But that is the best I can say. The polls show a trend back up after the debate losses for the Tories and a trend slightly down again for Dion. I don't think that shows him strengthening. And the trend is pretty linear. I don't think that CTV interview hurt him much according to the trend line.

http://en.wikipedia.org/wiki/Image:2008FederalElectionPolls.png

Dion didn't do anything to prevent Harper from the majority, quite the contrary he gave him 21 seats. Harper was denied his majority solely by Duceppe and the Bloc.

Those numbers are not a resounding endorsement of Dion in any stretch of the imagination.

I can agree with you that keeping Dion would save the party the expense of another leadership battle. But unfortunately to do it I think you will need to fight another election at the end of the spring for him to survive (put off) a leadership review vote. I doubt the Bloc will oblige and risk losses associated with an election, the potential gains for them just aren't there.

I am not sure I can even say I feel sorry for Dion who has for the past few days avoided the media securely tucked away at Stornaway..... pouting in the corner as it were. I wonder if will continue to fight the good fight as you seem to think he is capable of ... or if he will decide that he has been picked on enough and pick up his ball and go home??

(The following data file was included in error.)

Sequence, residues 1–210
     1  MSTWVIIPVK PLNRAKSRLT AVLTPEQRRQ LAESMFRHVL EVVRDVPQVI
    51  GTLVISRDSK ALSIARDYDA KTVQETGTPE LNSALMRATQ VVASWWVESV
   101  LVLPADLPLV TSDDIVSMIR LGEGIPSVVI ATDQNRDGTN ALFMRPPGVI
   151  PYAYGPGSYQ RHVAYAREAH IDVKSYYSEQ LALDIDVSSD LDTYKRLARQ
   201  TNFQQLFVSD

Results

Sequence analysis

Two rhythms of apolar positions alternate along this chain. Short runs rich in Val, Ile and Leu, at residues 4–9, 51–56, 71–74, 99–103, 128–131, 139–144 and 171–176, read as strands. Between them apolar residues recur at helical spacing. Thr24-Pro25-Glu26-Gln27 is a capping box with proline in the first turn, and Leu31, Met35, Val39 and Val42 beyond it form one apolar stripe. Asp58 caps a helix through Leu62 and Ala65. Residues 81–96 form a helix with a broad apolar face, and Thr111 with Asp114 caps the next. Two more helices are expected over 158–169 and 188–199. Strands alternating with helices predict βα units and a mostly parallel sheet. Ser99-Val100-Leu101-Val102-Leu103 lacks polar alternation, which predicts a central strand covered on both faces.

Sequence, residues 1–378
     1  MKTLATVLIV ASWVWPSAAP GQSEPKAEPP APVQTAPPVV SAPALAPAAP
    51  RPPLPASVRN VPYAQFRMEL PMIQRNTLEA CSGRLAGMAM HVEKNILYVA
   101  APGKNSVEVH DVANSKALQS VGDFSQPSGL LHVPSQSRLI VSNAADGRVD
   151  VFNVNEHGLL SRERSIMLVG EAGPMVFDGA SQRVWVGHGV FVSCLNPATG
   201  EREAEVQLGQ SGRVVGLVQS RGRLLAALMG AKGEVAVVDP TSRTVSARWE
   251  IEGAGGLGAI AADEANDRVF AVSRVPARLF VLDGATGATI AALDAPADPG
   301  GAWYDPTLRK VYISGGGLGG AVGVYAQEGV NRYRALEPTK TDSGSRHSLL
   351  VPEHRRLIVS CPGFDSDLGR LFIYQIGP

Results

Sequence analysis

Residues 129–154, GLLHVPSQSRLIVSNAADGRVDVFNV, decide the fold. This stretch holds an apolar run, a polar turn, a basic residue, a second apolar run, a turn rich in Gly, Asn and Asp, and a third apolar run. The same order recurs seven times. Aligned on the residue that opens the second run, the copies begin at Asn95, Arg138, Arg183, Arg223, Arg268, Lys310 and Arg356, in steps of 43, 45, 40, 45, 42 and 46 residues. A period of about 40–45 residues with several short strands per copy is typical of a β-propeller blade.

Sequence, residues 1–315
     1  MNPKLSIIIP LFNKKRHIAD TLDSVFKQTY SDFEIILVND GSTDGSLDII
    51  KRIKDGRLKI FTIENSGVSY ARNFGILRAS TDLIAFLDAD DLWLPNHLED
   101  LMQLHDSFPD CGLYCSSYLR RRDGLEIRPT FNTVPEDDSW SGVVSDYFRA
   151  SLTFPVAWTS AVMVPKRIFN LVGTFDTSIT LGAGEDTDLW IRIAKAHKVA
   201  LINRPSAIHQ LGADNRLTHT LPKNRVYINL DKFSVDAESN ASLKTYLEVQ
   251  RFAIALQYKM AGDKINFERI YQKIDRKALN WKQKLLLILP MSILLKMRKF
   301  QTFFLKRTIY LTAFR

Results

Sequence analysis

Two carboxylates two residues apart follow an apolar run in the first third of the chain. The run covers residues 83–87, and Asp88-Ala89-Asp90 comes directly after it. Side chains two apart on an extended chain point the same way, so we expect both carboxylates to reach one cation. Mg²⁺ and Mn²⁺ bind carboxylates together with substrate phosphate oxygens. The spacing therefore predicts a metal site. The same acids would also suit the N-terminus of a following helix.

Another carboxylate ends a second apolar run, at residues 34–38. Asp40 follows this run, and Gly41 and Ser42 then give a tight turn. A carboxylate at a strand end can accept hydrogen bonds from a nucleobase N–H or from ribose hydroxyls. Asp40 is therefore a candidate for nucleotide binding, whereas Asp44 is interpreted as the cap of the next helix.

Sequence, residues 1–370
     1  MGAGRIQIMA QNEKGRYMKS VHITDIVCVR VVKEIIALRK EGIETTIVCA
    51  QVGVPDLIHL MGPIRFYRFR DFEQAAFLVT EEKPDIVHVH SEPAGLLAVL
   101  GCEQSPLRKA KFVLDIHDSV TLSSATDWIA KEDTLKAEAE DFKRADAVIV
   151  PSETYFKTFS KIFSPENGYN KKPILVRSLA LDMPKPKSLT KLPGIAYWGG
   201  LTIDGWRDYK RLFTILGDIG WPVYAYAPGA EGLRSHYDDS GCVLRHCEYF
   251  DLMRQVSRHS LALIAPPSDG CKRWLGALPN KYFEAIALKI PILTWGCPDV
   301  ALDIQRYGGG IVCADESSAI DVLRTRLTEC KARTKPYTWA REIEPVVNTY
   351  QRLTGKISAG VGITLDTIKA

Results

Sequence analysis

jaycurrie said...

Cynically there is nothing I would like more than Dion staying on.

That said, the Liberals are in desperate need of reform, of rethinking and, perhaps, of a dose of common sense. Or a bullet in the back of the collective numbskull.

Assuming that the bullet is not on, the question is should you have a leadership convention or a policy convention. Having been reduced to the Toronto Party, can you go beyond the enclaves and actually craft policy which appeals to Canadians?

I have no idea. I hope you can but I rather doubt it. Identity politics, bogus greenery and a deep sense of entitlement will probably get in your way.

But I think you should make the effort simply because the NDP is not an alternative I wish upon my country.

Dion is pathetic and wrong about so very much. The Canadian people got that. For the moment, given the state of the Liberal's finances, he will have to try and convince his caucus to vote in favour of the government or, at least abstain, on a regular basis. This will hurt the party. And, for the moment, Dion should take the bullets to leave room for the next leader to fire back.

All that said, Dion is finished simply because the Toronto Party hate losers. They are whispering to the Liberal media and as they do they are shoving the poor man's head underneath some very shallow water.

It would be lovely to see the Liberals actually stand up for their errant leadership pick. It would be grand for them to give M. Dion a second kick at the cat. But the smartypants faction of the Toronto Party cannot do that. Dion, not the Party, was and is the problem.